Latest Supermassive black holes Stories
Someone dimmed the lights in space. Scientists observe a dimming quasar for the first time ever, and this could lead to a understanding of the mysterious black holes and their lifespans.
The stage has been set for a explosion of apocalyptic proportions, as two distant supermassive black holes just one light-year apart are on a collision course that could result in the destruction of their home galaxy and release as much energy as 100 million supernovas.
After years of watching, astronomers have recorded the largest-ever flare in X-rays from the supermassive black hole located at the center of the Milky Way, and their discovery brings the scientific community one step closer to understand how black holes behave.
WASHINGTON, Jan. 5, 2015 /PRNewswire-USNewswire/ -- Astronomers have observed the largest X-ray flare ever detected from the supermassive black hole at the center of the Milky Way galaxy.
A team led by Damien Hutsemékers from the University of Liège in Belgium used the FORS instrument on the VLT to study 93 quasars that were known to form huge groupings spread over billions of light-years, seen at a time when the Universe was about one third of its current age.
An unusual object located at the center of the Milky Way is most likely not a hydrogen gas cloud headed towards the galaxy’s black hole, but a pair of binary stars that had been orbiting it together before merging into a single, extremely large star.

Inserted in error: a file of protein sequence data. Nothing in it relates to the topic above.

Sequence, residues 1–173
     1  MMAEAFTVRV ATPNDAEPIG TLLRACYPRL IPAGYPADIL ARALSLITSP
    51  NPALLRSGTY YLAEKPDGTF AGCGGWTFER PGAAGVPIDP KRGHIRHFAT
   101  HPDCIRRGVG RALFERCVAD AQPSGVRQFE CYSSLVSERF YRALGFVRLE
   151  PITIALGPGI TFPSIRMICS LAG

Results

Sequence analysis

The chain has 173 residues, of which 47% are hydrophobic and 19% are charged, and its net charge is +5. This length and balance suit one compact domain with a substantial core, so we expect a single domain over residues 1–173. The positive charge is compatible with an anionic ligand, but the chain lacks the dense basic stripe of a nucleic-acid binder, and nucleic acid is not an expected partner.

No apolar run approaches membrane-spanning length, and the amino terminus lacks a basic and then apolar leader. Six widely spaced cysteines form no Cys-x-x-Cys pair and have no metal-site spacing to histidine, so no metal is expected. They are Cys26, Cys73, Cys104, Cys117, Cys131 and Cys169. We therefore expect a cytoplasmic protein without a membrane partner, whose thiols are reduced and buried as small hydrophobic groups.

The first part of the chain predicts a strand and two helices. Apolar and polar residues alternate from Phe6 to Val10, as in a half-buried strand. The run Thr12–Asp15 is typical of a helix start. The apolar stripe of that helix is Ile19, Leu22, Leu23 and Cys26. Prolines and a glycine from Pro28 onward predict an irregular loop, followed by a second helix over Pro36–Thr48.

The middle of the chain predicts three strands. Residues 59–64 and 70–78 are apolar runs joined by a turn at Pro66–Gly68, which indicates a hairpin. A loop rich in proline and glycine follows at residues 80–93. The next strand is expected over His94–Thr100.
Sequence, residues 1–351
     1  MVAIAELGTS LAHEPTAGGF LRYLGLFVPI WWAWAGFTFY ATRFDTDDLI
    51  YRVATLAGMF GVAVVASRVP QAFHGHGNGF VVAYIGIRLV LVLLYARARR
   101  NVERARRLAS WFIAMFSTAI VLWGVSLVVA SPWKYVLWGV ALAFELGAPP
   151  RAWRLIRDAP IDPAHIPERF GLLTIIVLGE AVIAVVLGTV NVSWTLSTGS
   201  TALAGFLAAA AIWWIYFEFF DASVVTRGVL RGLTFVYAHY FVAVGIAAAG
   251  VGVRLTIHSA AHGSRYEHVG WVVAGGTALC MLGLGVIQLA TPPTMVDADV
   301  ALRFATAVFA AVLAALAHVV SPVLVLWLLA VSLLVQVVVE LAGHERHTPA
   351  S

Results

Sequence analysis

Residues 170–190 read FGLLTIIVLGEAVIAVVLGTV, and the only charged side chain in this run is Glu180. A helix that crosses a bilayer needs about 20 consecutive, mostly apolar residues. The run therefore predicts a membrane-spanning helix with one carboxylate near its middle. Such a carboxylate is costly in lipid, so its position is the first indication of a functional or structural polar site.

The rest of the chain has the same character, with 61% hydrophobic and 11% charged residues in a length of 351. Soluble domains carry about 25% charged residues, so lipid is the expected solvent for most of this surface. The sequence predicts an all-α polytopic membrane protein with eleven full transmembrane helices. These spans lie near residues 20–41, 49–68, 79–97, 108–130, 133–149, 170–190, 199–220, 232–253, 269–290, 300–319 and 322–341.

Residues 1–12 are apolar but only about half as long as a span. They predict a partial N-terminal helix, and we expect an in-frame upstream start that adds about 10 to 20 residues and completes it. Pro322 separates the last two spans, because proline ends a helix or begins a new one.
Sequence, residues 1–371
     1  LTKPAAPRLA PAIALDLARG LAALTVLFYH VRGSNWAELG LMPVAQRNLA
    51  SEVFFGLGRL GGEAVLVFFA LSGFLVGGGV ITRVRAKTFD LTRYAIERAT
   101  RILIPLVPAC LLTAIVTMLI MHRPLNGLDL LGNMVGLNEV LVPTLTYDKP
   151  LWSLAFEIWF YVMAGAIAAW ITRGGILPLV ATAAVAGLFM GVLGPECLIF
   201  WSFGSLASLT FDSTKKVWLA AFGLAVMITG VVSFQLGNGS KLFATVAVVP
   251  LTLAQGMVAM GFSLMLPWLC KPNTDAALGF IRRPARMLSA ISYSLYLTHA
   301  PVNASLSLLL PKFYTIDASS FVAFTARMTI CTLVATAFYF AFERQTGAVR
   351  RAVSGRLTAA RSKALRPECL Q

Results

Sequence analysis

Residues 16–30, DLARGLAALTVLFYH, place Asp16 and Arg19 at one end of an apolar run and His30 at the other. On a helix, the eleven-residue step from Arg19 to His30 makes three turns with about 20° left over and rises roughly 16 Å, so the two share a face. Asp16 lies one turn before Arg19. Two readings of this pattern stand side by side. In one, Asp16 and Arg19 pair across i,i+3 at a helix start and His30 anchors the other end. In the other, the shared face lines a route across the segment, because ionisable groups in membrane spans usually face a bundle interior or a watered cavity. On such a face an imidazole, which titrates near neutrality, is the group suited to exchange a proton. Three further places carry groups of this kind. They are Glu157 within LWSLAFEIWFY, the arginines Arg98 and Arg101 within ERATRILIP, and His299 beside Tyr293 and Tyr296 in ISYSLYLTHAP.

UCSB astrophysicist uses data gathered by a Russian spacecraft to bring science one step closer to figuring out the mysteries of our galaxy’s core.
Certain primordial stars—those between 55,000 and 56,000 times the mass of our Sun, or solar masses—may have died unusually. In death, these objects—among the Universe’s first-generation of stars—would have exploded as supernovae and burned completely, leaving no remnant black hole behind.
Astronomers have discovered a supermassive black hole in the ultracompact dwarf galaxy M60-UCD1, making it the smallest galaxy ever found to host one of these enormous light-sucking objects.
New work from Carnegie’s Hubble Fellow Yue Shen and Luis Ho of the Kavli Institute for Astronomy and Astrophysics (KIAA) at Peking University solves a quasar mystery that astronomers have been puzzling over for 20 years.
Supermassive Black Hole -- A Supermassive black hole is a black hole with a mass in the range of millions or billions solar masses. A supermassive black hole has some interesting properties differing from his low-mass cousins: -- The average density of a supermassive black hole can be very low, and actually can be lower than water's density. This happens because the black hole diameter increases linearly with mass, and consequently density drops much faster. -- Strong tidal...
Seyfert Galaxy -- Seyfert galaxies are spiral or irregular galaxies containing an extremely bright nucleus, most likely caused by a supermassive black hole, that can sometimes outshine the surrounding galaxy. The light from the central nucleus varies in less than a year, which implies that the emitting region must be less than one light year across. They are named for the astronomer Carl Seyfert, who studied them extensively in the 1940s. They are a subclass of active galactic nuclei....
Quasar -- A quasar (from quasi-stellar radio source) is an astronomical object that looks like a star in optical telescopes (i.e. it is a point source), but has a very high redshift. The general consensus is that this high redshift is cosmological, the result of Hubble's law and that their redshift indicates that they are typically very distant from Earth; we observe them as they were several billions of years ago. Since we can see them despite their distance, they must emit more...
- totally perplexed and mixed up.